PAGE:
This subproject is one of many research subprojects utilizing theresources provided by a Center grant funded by NIH/NCRR. The subproject andinvestigator (PI) may have received primary funding from another NIH source,and thus could be represented in other CRISP entries. The institution listed isfor the Center, which is not necessarily the institution for the investigator.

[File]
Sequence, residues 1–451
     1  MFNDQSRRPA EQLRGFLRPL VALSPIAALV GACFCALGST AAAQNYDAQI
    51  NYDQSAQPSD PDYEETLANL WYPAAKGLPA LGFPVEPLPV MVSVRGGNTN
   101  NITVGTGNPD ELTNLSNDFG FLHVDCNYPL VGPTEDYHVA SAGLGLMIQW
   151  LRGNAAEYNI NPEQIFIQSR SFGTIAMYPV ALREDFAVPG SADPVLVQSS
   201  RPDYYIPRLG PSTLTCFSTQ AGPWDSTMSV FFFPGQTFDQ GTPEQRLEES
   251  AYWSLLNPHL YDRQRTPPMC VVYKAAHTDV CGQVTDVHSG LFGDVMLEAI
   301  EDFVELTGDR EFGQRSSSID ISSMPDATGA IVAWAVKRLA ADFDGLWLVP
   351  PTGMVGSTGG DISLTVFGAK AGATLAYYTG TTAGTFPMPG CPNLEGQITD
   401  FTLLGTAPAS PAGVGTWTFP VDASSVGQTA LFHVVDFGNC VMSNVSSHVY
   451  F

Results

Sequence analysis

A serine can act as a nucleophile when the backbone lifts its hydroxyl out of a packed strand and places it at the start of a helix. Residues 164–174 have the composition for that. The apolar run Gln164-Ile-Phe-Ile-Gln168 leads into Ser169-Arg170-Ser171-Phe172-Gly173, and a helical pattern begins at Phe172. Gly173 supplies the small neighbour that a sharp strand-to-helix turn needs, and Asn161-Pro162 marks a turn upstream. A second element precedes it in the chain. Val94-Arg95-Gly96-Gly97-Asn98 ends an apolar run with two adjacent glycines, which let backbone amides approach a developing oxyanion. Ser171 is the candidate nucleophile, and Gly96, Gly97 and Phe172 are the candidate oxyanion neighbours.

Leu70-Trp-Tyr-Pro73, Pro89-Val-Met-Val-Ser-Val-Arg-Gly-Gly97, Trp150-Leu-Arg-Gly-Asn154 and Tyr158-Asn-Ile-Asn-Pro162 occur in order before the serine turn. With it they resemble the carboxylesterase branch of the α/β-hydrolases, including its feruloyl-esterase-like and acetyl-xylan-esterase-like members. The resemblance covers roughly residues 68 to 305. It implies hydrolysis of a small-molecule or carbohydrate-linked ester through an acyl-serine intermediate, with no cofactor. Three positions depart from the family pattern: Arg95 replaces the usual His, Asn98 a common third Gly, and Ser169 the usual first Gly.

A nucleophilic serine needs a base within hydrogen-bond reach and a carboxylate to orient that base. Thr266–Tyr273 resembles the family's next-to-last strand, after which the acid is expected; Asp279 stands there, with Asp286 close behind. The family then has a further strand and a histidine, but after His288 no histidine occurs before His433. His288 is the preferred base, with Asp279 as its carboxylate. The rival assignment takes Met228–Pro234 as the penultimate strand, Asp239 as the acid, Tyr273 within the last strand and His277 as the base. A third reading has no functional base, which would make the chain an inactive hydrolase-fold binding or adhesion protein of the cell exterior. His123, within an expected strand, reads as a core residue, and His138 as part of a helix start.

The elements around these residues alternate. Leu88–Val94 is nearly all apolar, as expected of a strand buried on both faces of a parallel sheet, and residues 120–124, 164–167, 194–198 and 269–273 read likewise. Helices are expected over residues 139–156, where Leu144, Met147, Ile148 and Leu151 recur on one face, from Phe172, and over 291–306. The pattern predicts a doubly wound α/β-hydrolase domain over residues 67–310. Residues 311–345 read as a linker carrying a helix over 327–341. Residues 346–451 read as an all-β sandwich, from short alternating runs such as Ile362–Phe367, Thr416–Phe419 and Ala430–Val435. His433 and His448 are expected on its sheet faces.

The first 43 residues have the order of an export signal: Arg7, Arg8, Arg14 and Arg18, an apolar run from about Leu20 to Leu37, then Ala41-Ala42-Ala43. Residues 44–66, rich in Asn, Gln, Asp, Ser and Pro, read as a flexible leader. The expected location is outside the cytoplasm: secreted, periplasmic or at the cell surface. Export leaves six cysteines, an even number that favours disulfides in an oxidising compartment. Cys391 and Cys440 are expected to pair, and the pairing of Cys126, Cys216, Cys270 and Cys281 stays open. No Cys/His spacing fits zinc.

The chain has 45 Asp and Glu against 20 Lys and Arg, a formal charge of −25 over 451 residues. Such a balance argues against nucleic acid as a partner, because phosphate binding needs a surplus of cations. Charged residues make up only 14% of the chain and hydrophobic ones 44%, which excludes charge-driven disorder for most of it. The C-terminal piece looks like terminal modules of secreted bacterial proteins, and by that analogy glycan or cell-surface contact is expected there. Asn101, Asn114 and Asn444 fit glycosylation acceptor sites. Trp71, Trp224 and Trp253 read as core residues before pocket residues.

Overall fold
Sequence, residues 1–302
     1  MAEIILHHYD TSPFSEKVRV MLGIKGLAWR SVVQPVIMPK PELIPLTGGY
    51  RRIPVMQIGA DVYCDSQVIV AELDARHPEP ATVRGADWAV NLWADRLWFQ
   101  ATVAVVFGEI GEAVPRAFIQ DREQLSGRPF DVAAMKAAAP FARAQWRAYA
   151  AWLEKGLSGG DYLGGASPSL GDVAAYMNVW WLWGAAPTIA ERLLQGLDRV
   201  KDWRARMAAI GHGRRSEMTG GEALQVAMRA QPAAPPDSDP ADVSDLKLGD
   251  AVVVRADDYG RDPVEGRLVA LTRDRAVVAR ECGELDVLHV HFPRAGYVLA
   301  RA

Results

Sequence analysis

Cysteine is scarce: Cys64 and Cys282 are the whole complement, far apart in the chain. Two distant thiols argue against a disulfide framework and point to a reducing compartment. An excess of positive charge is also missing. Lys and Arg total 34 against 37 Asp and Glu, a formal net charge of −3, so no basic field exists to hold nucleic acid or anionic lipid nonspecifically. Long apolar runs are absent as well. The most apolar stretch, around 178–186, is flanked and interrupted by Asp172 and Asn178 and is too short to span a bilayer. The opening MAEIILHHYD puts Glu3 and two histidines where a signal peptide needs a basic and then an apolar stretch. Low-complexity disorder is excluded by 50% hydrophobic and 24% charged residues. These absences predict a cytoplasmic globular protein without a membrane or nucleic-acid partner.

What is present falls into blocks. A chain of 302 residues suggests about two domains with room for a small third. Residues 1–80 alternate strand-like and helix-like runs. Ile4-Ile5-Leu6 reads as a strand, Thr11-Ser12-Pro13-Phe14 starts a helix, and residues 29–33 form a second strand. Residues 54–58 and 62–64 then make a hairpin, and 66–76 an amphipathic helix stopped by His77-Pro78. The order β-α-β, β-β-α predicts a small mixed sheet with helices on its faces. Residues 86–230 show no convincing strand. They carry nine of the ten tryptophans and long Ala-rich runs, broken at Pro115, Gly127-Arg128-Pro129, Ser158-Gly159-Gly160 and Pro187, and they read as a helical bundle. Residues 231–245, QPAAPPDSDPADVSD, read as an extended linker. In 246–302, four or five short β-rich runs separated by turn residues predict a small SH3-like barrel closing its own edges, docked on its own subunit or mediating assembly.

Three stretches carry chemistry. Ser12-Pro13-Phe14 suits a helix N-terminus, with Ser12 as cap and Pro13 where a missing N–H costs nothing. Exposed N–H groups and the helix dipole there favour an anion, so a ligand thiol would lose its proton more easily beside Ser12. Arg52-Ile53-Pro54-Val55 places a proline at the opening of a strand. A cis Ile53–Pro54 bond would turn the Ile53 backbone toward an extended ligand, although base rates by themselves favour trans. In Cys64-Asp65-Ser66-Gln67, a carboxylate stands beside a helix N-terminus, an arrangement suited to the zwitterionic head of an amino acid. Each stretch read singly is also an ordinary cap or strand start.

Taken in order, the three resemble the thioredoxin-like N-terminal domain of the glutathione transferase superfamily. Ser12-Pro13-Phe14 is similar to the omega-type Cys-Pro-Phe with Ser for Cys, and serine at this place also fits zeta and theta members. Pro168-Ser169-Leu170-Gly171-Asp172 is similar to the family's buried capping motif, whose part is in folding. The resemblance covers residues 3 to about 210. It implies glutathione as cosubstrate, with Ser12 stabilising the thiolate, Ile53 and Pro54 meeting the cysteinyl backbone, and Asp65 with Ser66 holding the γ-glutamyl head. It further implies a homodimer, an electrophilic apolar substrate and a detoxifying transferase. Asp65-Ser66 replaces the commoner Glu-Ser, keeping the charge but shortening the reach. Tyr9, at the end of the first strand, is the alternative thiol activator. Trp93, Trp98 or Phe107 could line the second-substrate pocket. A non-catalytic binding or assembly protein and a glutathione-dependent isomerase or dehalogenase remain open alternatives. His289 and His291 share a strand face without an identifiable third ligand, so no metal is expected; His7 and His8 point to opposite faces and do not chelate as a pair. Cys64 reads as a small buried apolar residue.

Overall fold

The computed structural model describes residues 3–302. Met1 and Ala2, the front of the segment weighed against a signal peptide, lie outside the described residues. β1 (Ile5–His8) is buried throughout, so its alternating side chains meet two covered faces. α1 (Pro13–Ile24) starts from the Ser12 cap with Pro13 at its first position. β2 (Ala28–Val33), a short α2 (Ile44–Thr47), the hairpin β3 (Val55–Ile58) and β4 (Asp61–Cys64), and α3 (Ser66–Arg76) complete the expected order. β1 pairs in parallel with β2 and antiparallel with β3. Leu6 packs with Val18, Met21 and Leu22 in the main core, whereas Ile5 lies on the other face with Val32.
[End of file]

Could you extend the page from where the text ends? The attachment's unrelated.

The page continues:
The specific aims have been slightly modified from those proposed in the original application. Sphingomyelin synthase (SMS) represents an important class of enzymes responsible for sphingomyelin (SM) biosynthesis. In particular, SMS transfers a phosphorylcholine moiety from phosphatidylcholine (PC) to ceramide to form SM and diacylglycerol (DAG). Therefore SMS not only produces SM, a crucial phospholipid for the integrity of cellular membranes but also regulates in opposing directions the levels of two bioactive lipids with opposing functions such as DAG and ceramide. Ceramide is an established negative regulator of cell proliferation whereas DAG is a well-accepted mitogenic factor.Previous studies conducted by the PI showed that activation of SM synthesis resulted in activation of NF-kB, a pivotal transcription factor, involved in the regulation of important cellular functions, including cell survival and inflammatory responses.Recently, the cloning of candidate SMSs led to the identification of two mammalian genes (SMS1 and SMS2) that, when expressed in yeast cells, encoded for proteins with SMS activity. Our preliminary results confirmed the different localization of the two putative SMSs. They also pointed to a physiologic role for both SMS1 and SMS2 as bona fide SMSs in mammalian cells. Interestingly, we found that knock-down of SMS1 impaired activation of NF-kB. Based on the potential role of SMS1 in promoting NF-kB activation and because NF-kB activation is a key component of the cellular response to cytokine signaling, we hypothesize that SMS1 regulates activation of NF-kB through modulation of the bioactive lipids controlled by its biochemical reaction, and that SMS1, through activation of NF-kB, is a determinant for cytokine signaling. In order to test our hypothesis, we will determine the biochemical function of human SMS1 and SMS2 in mammalian cells and establish the role and function of SMS1 in the regulation of NF-kB.
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